China - German Dialog Forum with Joachim von Braun

September 09, 2019.  

Qindong / Beijing - From September 3 to 6, 2019, the China - German Dialog Forum took place in Qingdao and Beijing. The 15 Chinese and 15 German members of the Forum consulted on the themes: how do China and Germany perceive each other; climate change, education and training; science cooperation with a focus on young scientists; the aging problem. 

The Forum is co-chaired by the two former science ministers Wan Gang and Annette Schavan (photo with ZEF Director Joachim von Braun, who is a member of the group). Von Braun gave a speech on cooperation opportunities between Germany and China in climate change policy, highlighting circular and bioeconomy, and joint cooperation with Africa (<link file:12945 download file>paper attached). The results of the Dialog Forum were presented to Prime Minister Li Keqiang and Chancellor Angela Merkel at a meeting in Beijing on Sept. 6th.


The Session's content on climate change (Session 2)

China-Germany Dialogue Forum, September 3-5, 2019 Qingda. Joachim von Braun, Professor for Economic and Technological Change, Director of Center for Development Research (ZEF), Bonn University. <link file:12945 download file>Download as PDF


  1. The global climate policy agenda (next COP and beyond)
  2. The emerging climate policy agenda in Germany and internationally
  3. The opportunities for Sino-German Cooperation in Climate Policy

1.  The global climate policy agenda

  1. The Paris Agreement is the basis and yardstick for climate policy. We are far from fulfilling the aims of the Paris Agreement.
  2. People throughout the world are increasingly concerned because they have become more aware that climate change is for real. It affects their health and wellbeing already today, and puts coming generations and the biodiversity of the natural world at growing risks.
  3. The IPCC Special Report 2018 stated that to stabilize global warming at1.5 degrees, global emissions must be cut in half by 2030 and then achieve net-zero emissions by 2050. The new IPCC Land report highlights the challenges related to land use, agriculture, food, forestry contributing about 23% to Greenhous gas emissions and putting the food security at risk.
  4. Climate policy is international policy. It must be effective in achieving emission reduction and adaptation goals. Linking climate policy and development cooperation needs more attention. Art 6 of Paris Climate agreement is a basis.
  5. COP 24 in Katowice delivered operational guidance for the Paris Agreement.
    COP25 should ensure that Nationally-Determined Contributions reflect enhanced commitments to climate action for mitigation, adaptation, transparency framework and progress on mobilizing resources for Green Climate Fund.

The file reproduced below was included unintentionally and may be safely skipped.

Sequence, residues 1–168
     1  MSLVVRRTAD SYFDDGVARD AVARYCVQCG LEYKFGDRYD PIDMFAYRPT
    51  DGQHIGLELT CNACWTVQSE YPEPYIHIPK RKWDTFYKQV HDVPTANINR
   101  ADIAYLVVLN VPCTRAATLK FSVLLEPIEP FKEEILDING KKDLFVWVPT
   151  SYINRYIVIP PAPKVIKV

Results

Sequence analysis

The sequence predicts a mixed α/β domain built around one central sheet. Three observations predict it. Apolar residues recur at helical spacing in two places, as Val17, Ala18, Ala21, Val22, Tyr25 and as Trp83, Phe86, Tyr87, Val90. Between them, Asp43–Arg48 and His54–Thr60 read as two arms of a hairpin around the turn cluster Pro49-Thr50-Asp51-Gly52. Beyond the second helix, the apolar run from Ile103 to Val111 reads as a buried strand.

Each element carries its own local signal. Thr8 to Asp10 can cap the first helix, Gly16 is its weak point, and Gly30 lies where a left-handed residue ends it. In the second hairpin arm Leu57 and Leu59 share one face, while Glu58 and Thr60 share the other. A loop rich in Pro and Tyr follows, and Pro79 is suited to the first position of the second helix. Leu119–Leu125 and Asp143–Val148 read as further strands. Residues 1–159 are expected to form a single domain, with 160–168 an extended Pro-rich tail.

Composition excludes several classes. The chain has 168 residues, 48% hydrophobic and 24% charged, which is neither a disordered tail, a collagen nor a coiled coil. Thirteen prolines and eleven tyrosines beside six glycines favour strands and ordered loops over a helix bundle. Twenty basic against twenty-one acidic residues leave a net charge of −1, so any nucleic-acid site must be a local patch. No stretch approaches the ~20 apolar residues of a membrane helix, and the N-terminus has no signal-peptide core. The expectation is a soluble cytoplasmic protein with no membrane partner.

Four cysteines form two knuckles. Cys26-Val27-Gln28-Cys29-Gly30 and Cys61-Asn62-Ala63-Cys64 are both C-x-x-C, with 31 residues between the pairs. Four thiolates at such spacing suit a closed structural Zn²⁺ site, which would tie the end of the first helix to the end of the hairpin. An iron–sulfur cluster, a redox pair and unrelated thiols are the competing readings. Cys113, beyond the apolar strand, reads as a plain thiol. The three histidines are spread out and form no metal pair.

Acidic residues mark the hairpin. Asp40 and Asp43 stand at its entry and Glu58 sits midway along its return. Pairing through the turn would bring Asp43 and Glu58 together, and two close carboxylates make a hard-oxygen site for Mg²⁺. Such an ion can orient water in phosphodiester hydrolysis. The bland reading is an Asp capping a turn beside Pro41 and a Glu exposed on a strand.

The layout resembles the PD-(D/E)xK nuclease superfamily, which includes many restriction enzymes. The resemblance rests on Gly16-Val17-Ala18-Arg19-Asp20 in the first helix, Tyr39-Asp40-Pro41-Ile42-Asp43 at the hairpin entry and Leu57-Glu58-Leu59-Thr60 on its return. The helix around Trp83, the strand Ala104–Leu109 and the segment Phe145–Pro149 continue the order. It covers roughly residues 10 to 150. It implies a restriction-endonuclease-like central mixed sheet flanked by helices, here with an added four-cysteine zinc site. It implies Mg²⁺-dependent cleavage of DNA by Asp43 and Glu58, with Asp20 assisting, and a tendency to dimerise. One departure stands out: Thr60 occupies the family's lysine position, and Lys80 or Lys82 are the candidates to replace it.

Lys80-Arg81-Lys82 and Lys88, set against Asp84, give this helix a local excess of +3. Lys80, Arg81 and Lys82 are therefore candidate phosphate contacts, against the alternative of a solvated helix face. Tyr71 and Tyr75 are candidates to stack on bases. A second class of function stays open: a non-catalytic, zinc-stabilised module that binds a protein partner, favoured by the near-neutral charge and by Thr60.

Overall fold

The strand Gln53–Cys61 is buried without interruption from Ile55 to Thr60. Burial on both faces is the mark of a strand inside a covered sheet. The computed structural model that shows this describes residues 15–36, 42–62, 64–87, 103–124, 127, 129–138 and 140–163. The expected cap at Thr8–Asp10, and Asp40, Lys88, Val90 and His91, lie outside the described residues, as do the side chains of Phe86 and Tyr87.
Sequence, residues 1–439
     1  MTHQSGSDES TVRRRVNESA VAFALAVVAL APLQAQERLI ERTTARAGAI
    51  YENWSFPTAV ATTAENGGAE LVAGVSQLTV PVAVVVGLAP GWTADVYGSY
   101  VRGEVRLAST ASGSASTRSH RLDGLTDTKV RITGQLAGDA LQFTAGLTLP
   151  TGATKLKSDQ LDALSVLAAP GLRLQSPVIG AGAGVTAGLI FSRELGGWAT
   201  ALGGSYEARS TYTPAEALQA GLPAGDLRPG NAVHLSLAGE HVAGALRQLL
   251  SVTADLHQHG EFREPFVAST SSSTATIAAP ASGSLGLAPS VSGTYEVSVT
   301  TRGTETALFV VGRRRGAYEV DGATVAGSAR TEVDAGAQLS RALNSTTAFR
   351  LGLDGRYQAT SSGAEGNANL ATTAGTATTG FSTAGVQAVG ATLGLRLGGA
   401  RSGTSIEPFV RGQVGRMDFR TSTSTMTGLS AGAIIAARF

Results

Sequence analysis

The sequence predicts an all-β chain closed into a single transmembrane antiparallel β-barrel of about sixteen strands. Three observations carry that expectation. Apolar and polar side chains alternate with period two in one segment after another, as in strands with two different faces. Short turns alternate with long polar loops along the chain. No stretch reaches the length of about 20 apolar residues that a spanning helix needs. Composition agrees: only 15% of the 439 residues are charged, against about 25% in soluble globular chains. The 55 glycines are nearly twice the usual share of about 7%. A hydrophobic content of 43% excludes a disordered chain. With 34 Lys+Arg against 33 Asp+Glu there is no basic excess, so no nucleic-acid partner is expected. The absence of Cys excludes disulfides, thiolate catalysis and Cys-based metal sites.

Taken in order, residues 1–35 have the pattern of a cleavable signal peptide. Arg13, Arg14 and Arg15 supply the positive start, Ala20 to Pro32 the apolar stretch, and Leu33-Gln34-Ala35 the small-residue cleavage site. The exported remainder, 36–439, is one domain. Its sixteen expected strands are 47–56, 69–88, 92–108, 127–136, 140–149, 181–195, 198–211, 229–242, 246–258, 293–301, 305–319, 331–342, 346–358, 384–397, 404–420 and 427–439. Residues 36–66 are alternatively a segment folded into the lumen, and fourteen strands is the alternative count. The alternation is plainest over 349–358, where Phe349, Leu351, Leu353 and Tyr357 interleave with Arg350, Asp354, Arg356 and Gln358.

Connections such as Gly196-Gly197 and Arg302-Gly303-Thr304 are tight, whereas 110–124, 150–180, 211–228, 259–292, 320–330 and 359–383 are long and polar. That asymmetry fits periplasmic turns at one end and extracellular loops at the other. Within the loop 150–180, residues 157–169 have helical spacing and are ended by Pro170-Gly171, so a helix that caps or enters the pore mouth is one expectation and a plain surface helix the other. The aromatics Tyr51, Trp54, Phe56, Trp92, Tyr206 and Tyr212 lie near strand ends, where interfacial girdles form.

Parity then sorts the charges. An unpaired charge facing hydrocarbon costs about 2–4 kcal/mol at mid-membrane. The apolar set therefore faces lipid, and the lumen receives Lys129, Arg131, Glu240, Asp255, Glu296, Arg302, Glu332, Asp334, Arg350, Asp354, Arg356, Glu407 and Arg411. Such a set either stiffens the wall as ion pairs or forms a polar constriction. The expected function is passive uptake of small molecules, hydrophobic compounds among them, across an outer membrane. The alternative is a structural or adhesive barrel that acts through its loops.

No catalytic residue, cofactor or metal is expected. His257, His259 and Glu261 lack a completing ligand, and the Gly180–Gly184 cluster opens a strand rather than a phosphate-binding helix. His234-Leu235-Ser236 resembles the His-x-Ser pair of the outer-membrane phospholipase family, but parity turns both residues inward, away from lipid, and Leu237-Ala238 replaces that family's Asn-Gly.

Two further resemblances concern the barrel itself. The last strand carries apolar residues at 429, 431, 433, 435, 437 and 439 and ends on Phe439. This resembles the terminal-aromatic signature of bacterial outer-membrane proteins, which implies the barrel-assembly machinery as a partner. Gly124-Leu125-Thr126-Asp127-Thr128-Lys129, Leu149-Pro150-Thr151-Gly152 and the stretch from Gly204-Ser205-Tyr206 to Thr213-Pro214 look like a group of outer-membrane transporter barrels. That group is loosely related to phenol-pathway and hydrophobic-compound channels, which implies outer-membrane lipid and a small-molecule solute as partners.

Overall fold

6. Climate change has a moral, ethical and rights dimension, because it affects the poorest the most, and it destroys the natural world we inherited. Pope Francis and the Pontifical Academy of Sciences have therefore many times emphasized the urgency to act together.

2.  The emerging climate policy agenda in Germany and internationally

A federal climate law is planned to be finalized by German Parliament before end of 2019. Principles are that climate policy requires rethinking and reorientation in politics, society and the economy. Humanities’ economic activity must integrate with cycles of nature. Change must be economically promising, socially just, ecologically ambitious. Policy should not only be sector by sector, but include economy wide policy for economic system transformations.

What to prioritize?

I highlight eight sets of policy measures – each with some detailed actions - that I think should be considered now in German climate policies and in international climate policy. Some of these may be relevant for China too, and both nations may cooperate on those were mutual interests exist and learning from each other can happen:

1)  energy system transformation

  1. Depart from coal-based energy (by 2038 or earlier) and implement regional innovation and job creation initiatives.
  2. Adjust electricity markets: should be efficient, decentralized with renewable energy, digitally organized
  3. Further reducing the costs of renewables (wind, solar; the solar subsidy in Germany has laid the foundations with billions of euros from energy consumers. It is one of the most important climate policy measures in Germany and by Germany for the world).

2) change of the energy tax system

  1. The whole energy tax system needs systematic change and be focused on incentives for climate friendliness. Current energy tax system (with feed-in tariffs, different taxes on natural gas, liquid gas, coal, heating oil for electricity and heat, petrol, diesel, natural gas, biofuels for cars, trucks, ships, kerosene) signal misguided incentives. A new tax on CO2 would not correct these imbalances, unless the system is made coherent in the first place. VAT can be used as a complementary element of climate policy.
  2. There should be openness to complementary economic instruments (Emission Trading System). And economic instruments, such as incentives for private and institutional investors; improvement in the efficiency of energy use in buildings. Land use needs to be guided toward climate friendliness.

3) assume international responsibility: climate cooperation